James Bateson Personal Site: Post

I wrote a thing!

One of my goals this year was to try and write 3 articles for public blogs. I've been trying to improve my confidence through public speaking, and wanted to also try with my writing.

Back when Twitter was a more welcoming and inclusive space for people, Manuel Matuzovic Tweeted about an advent calendar he was planning for the HtmHell website. An article about HTML each day in December. They were looking for submissions via a title and brief summary of what the article would be about.

I'd had an idea for an article for a while that fit this brief perfectly, and even thought of a Christmas based pun for its title. So I submitted my idea, and to be honest, didn't expect to get accepted.

The idea permalink

  • Title: 5 HTML elements. And a partridge in a despair tree. (this is the pun btw 😉)
  • Summary: Talk about 5 native HTML elements that are often ignored in place of more complex, often ARIA-laden, solutions.

The 5 elements were:

  • <button>
  • <select>
  • <nav>
  • <fieldset> & <legend>
  • <ul>, <ol>

So did it get published? permalink

It did, yesterday (day 16)!

So rather than explain more about the article and each element, here's a link to the article to (please) read it for yourself!

How was it received? permalink

I had pre-publish jitters all up until the day to be honest, they got worse each day as I saw the caliber of every article, and the amazing ability of the authors. Imposter syndrome is bad at the moment.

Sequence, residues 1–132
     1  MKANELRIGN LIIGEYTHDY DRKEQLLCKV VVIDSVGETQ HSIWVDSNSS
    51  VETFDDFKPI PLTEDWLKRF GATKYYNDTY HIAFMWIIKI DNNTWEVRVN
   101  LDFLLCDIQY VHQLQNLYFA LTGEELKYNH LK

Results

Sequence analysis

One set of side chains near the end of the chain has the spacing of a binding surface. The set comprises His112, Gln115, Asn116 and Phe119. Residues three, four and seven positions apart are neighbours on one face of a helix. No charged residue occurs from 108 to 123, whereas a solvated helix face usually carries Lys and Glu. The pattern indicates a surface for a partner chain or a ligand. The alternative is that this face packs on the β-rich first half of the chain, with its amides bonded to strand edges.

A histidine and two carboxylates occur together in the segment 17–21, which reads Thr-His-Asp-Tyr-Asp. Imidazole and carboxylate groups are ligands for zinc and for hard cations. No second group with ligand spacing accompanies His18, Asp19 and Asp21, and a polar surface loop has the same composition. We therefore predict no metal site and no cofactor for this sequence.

Going off pure Twitter engagement (likes etc), it performed poorly, which I kind of expected.

But I'm trying to remind myself, that even if one person takes something from it, and thinks about using more semantic, accessible HTML it will be a massive win.

Thanks! permalink

However unpopular it might have been. I wanted to say a massive thank you to Manuel for accepting the article idea, and giving me a chance to write my first post that people might actually read, for a site/blog that I have long admired.

Also to a couple of people that proofed the article for me. Stef Lis, a brilliant front end engineer at Code Computerlove, and Todd Libby, an accessibility expert that I have followed for many years and a learnt a lot from.

Was it worth it? permalink

Overall, I'm super proud and chuffed of myself. First work isn't always going to be the best, but I feel it was a great starting point and experience for me that I can learn from and build upon.

I've got another article in the amends phase for the The A11y Project on how to create an accessible <nav> with dropdowns. So hopefully I can try and make time to get those done before the year is out and get some more expereince with the pre-publish jitters!